Avoid Ruts in Technique & Teaching; Getting Stuck Is No One’s Idea of a Good Time By Michael Rogan


e humans are creatures of habit. But if you’re not careful, those habits can turn into ruts – in which you can get woefully stuck. There are lots of ways to get stuck – whether in your skiing technique or the

teaching tactics you use – and you might not even know it’s happen- ing. Here are some common examples of how instructors can get stuck… and how to avoid or get out of the rut.

SKI TECHNIQUE Making the same turn shape and size. There’s no doubt that we all have a preferred turn shape and size with which we feel most comfortable. During early morning hot laps or when we get some time off, those are often the first type of turns we make… and some- times they are the only type of turn we make. Deliberately making lane changes – and hour glass, funnel, and acceleration/deceleration turns –are great ways to change up your routine.

Skiing the same runs the same way. We all have our favorite runs, even our favorite sections of a run or combinations of runs. If you’re not paying attention, you might find that you ski them the same way… all the time. Make sure you mix it up and discover new ways to ski your favorite runs differently.

Always using the same skill blend. When you get stuck using the same skill blend or movement pattern, you might get good at that way of doing it, but it’s hard to get good at anything else. If all you know is extending to start a turn, be sure you experiment with flexing too.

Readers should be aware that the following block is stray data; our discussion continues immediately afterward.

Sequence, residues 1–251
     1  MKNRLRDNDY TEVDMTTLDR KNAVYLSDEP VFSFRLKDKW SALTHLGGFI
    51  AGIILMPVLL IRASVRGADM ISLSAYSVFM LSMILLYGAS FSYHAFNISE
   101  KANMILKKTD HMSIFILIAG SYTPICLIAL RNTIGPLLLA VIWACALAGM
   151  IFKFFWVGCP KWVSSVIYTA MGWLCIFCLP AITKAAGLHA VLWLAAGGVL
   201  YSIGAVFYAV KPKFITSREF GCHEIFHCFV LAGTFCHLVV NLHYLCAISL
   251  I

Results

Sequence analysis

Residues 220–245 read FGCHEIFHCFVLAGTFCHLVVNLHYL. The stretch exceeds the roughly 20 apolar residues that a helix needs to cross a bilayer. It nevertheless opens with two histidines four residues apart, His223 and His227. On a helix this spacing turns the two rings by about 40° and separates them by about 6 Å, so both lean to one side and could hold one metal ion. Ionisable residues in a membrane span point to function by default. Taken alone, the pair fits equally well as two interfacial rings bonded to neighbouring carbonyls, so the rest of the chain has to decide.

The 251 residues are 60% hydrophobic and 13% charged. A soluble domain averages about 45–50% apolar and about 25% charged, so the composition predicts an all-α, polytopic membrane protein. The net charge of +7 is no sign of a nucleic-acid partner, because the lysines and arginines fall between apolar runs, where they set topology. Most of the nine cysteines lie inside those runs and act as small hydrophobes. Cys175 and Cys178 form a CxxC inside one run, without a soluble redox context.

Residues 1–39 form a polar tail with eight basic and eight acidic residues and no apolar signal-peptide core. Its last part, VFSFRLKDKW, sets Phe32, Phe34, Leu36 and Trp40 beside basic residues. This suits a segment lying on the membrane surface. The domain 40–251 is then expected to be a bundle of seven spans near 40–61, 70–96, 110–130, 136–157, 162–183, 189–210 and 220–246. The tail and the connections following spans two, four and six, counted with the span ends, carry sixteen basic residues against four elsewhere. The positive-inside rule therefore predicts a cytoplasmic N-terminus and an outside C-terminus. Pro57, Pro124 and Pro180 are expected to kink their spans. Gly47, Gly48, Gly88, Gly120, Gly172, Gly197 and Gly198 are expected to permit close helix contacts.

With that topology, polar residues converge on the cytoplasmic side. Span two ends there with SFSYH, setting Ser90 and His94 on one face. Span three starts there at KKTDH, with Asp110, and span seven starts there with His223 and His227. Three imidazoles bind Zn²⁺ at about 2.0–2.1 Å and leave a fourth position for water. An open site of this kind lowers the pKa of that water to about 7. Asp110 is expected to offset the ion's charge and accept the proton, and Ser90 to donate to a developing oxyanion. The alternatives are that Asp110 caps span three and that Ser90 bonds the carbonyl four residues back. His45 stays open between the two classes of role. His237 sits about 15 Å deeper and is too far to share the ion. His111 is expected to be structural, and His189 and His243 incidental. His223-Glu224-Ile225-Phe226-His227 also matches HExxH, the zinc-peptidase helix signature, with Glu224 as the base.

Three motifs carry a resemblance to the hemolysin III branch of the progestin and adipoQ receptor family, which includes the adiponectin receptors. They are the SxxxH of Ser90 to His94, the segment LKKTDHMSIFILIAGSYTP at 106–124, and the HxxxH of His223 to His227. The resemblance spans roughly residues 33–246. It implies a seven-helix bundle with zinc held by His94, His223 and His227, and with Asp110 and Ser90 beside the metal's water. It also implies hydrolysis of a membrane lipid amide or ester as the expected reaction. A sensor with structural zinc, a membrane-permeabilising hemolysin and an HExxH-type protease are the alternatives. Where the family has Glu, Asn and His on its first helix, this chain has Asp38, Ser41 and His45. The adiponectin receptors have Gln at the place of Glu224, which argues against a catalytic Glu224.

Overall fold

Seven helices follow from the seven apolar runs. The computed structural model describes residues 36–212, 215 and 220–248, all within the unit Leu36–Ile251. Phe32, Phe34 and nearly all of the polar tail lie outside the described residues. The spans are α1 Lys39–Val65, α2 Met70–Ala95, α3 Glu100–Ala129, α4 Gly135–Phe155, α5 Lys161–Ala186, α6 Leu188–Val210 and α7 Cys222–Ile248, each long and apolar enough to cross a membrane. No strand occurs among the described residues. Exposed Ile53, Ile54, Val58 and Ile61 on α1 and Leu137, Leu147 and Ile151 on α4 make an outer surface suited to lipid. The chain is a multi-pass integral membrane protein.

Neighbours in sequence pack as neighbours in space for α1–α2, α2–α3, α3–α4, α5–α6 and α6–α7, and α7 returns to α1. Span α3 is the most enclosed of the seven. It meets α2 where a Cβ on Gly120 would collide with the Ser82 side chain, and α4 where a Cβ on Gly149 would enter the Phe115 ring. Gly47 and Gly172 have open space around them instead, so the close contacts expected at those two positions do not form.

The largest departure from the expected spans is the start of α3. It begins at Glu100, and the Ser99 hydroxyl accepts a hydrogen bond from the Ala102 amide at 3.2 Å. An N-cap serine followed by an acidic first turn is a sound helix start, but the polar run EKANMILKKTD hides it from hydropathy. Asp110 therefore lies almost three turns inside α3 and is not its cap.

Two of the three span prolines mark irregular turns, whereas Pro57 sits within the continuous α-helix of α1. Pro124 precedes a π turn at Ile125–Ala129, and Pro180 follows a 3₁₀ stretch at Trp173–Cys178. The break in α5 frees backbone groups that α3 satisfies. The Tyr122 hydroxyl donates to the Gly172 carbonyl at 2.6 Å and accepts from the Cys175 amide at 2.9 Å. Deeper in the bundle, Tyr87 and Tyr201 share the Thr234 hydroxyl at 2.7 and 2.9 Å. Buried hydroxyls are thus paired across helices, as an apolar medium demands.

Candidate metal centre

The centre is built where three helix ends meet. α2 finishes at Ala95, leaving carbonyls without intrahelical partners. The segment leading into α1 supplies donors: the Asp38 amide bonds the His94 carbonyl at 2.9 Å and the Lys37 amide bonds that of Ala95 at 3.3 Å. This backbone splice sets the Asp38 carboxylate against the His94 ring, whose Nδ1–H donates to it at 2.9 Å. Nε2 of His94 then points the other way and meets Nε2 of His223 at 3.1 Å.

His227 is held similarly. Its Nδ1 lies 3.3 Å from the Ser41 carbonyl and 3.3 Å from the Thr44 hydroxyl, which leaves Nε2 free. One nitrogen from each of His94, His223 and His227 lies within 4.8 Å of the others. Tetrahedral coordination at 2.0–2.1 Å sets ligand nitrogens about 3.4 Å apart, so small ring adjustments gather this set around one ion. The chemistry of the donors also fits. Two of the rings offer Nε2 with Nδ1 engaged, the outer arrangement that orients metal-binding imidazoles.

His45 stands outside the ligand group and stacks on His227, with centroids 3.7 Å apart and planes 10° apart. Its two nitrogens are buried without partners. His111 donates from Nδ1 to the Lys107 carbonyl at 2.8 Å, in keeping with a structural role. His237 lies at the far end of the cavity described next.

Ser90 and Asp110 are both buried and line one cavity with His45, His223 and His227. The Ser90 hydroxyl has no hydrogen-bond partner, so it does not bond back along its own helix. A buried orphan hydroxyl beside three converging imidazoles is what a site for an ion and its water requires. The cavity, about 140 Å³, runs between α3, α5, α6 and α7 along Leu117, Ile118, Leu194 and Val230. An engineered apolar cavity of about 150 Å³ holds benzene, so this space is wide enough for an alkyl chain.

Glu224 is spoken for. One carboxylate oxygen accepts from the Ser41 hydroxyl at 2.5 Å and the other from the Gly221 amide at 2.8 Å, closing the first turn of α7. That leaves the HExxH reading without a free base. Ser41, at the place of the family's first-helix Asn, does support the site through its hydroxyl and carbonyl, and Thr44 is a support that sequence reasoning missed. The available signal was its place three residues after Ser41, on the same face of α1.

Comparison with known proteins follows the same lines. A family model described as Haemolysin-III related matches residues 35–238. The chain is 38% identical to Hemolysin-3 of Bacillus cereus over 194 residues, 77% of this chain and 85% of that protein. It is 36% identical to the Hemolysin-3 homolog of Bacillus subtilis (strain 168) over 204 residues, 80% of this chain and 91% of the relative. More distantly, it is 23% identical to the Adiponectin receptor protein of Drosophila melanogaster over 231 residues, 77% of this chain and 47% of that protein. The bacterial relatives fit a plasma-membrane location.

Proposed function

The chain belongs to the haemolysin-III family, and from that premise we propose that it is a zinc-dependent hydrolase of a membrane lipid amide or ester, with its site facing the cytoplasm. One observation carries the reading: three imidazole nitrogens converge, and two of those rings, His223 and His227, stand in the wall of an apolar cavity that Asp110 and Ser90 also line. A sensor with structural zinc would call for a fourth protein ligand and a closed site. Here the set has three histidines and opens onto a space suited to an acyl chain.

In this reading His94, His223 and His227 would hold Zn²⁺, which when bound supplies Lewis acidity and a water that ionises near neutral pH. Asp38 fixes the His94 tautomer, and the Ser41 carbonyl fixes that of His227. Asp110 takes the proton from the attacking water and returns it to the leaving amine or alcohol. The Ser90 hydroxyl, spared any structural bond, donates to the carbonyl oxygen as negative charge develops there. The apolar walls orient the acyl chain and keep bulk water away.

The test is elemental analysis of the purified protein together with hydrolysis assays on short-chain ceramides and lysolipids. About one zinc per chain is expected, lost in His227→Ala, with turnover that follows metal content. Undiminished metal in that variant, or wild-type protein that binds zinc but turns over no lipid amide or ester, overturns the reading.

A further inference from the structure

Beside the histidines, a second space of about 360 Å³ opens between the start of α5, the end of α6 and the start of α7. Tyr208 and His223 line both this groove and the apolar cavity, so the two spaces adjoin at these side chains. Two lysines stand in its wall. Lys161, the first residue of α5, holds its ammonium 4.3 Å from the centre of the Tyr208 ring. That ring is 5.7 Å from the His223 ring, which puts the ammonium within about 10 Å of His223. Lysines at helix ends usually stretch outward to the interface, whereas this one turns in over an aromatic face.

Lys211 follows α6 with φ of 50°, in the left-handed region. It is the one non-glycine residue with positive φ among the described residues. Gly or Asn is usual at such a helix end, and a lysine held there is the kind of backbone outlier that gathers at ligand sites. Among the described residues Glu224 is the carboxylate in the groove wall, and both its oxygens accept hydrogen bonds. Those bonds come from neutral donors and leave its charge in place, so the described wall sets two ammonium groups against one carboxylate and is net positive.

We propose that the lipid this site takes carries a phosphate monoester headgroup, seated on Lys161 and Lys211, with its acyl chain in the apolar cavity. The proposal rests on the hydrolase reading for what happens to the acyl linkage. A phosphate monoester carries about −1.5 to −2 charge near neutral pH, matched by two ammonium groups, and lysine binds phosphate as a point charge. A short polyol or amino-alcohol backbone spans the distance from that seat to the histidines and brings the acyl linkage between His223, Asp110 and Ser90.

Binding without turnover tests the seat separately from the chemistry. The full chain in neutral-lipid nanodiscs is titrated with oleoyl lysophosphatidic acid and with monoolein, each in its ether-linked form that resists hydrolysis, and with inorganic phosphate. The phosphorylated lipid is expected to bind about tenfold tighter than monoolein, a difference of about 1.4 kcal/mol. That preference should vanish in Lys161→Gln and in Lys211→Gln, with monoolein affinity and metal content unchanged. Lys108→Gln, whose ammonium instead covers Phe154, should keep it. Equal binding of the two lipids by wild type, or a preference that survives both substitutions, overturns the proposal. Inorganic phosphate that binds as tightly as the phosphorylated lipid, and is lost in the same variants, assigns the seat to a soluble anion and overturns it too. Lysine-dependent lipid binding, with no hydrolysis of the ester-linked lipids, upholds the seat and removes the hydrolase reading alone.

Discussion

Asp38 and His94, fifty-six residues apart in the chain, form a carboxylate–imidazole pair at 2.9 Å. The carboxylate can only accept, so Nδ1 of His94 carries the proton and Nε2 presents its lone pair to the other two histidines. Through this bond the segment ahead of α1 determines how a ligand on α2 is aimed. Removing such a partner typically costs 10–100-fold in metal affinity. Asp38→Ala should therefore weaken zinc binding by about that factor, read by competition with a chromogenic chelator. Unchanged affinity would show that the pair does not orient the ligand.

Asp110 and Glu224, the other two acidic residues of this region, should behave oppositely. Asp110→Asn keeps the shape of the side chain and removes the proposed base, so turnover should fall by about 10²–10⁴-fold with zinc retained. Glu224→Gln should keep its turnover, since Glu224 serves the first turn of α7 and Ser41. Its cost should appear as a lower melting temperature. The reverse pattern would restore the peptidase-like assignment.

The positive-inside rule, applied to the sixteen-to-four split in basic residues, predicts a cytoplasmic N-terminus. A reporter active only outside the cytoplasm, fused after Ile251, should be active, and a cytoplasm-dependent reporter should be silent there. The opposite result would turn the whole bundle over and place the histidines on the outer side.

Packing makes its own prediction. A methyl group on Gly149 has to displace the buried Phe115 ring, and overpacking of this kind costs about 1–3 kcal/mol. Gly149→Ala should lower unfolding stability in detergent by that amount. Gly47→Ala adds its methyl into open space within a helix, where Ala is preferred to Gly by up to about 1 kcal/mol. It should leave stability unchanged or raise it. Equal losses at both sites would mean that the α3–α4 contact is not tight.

TEACHING TACTICS Teaching a movement instead of teaching a person. It’s important to understand that you have to teach both, but when you get caught putting the technical part before connecting with the person, you run the risk of getting caught “playing a tape” rather than teach- ing in the moment. Remember to always focus on the student first.

Focusing only on the science or art of teaching. Great lessons are part science and part art. As we develop as instructors, it’s critical that we build an understanding of both. The tendency is to devote

PSIA Alpine Team Coach Michael Rogan mixes up his turn shape and skill blends to keep his skiing fresh... and so should you.

more time to the science rather than the art. When you lose sight of being artistic in your approach to lessons, you’ll likely get caught spending too much time focusing on your teaching and not address- ing your student’s learning.

Using the same progressions. Using the same progression – the same way and in the same places – can have its benefits when you make a conscious decision to do so for the sake of consistent repetition. However, if it happens as a default because you’re missing creativ- ity or the desire to try something different, you’re definitely stuck. This can be a big trap if you teach a lot of the same-level lessons.

No one is immune to getting stuck. Train yourself to recognize when it has happened or, better yet, become self-aware enough to do your best to prevent it from happening. This is something that we have to be vigilant about to become the skiers and teachers our students will appreciate and trust.

Michael Rogan is a six-term member of the PSIA Alpine Team, and currently serves as its coach.


Like Alpine Team member Brenna Kelleher, make sure the only ruts you’re in DUH WKH WUHQFKHV \RX FDUYH ZKHQ \RXȇUH fl\LQJ GRZQ WKH mountain.

Like PSIA Alpine Team member Jonathan Ballou, focus on the person – not strictly the technique – to make sure your teaching tactics are student-centered.





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